With a sales tax free holiday June 1-7 on storm supplies in the Sunshine State, Floridians will be stocking up. Portable generators and fuel containers are qualified for tax-free purchases, and here’s a few tips from the Outdoor Power Equipment Institute to help consumers.
When the lights go out, generators keep your home humming with light and power. When purchasing a generator, consider the types of items for which you will need power. Determine how many kilowatts needed for essential items (charging family cell phones, a refrigerator, etc.) during an emergency.
Research generators online before you buy. Talk with the staff at the store or ask online. Discuss safety features and ask about manufacturer fueling and care instructions.
Generators offer a variety of features. Circuit-breaker-protected outlets will guard against generator overload. A larger fuel tank will provide extra running time. Integrated fuel gauges will help keep tabs on fuel levels and prevent power interruptions. Low tone mufflers make for quieter operation. Fold-down handles and wheels can make it easier to move your generator.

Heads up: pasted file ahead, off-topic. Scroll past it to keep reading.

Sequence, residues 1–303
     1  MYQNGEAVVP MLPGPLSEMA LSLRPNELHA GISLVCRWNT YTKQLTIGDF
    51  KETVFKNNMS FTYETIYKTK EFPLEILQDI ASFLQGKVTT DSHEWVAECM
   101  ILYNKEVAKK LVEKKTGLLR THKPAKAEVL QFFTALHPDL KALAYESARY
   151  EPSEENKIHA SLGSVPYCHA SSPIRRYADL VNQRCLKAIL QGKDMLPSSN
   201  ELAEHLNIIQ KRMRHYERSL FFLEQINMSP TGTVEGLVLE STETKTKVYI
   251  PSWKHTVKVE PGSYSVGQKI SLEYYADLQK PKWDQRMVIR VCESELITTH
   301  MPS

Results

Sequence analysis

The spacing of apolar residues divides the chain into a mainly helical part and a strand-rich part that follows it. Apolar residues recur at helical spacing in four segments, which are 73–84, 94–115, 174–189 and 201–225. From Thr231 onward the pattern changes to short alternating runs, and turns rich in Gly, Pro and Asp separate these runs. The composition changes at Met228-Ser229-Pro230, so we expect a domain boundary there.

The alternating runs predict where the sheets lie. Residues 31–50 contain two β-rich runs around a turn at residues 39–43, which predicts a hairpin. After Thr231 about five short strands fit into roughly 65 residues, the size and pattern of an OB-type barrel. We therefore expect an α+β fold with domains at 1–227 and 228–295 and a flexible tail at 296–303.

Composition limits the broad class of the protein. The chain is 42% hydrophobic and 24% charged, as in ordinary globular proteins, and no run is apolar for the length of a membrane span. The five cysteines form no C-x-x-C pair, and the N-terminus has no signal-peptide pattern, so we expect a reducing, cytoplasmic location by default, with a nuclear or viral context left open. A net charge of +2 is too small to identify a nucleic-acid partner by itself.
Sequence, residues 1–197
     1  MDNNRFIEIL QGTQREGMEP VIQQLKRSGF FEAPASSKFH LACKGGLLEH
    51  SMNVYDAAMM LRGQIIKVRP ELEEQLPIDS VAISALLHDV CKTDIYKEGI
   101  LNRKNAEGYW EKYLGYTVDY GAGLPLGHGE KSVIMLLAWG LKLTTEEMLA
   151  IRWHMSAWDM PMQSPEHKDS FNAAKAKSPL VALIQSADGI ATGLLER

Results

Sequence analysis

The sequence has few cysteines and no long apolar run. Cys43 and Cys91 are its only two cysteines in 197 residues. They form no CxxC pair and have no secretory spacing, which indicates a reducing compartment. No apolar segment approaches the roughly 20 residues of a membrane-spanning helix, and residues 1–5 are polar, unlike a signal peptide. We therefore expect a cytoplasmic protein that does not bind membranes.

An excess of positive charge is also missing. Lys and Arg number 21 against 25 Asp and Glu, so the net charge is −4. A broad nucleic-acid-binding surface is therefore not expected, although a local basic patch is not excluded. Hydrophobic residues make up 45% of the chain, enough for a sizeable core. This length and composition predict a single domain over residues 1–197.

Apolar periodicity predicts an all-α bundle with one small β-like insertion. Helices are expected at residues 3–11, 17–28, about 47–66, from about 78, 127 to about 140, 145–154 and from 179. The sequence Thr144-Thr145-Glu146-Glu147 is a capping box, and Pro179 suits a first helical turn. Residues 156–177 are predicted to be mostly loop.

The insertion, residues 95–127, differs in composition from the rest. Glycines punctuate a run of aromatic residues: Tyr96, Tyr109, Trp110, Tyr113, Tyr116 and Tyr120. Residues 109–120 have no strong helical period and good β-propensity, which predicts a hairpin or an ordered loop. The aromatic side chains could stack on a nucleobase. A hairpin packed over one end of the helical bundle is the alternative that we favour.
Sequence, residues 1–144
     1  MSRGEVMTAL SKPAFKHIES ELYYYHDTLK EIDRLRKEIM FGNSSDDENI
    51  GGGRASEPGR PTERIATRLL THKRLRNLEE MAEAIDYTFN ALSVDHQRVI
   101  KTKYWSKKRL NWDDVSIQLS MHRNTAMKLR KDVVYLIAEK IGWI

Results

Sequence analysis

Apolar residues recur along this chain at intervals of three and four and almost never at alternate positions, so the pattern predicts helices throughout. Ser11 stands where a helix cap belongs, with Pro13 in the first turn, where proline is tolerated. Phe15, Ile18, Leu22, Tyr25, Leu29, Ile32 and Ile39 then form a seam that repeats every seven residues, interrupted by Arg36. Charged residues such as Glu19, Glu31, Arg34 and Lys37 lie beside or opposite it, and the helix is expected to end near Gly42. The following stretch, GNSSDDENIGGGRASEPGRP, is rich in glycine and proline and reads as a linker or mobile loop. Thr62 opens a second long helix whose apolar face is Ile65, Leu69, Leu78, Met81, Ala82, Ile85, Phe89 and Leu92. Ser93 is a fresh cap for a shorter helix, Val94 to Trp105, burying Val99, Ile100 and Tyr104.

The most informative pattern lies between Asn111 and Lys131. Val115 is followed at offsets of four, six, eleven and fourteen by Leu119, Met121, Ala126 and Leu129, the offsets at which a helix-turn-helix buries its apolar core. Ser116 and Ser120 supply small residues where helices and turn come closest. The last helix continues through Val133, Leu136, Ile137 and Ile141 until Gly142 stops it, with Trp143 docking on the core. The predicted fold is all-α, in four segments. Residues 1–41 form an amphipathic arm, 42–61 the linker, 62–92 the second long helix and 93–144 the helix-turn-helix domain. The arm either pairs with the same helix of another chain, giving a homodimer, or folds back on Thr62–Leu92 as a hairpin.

If you are planning to use a generator, having a carbon monoxide detector installed in your home would be smart. Now is a great time to pick one up and batteries are available tax-free June 1-7.
Identify the generator’s placement. Give portable generators plenty of room for ventilation. Place the generator outside and away from windows, doors, and vents that could allow carbon monoxide to come indoors.
Keep generators dry. Before a storm hits, identify how to cover and vent the generator. Buy model-specific tents or generator covers online, at home centers or a hardware store.
Have the right fuel on hand before a storm hits in an appropriate container. Select containers that seal well. Store fuel in a safe place, away from heat sources and out of the reach of children. Label the can with the date of purchase and the ethanol content.
Check filled cans regularly and replenish them if needed.
Remember fuel more than 30 days old should not be used in any outdoor power equipment.
Use the type of fuel recommended by the generator manufacturer.
It is illegal to use any fuel with more than 10% ethanol in outdoor power equipment (for more information on proper fueling for outdoor power equipment visit www.LookBeforeYouPump.com).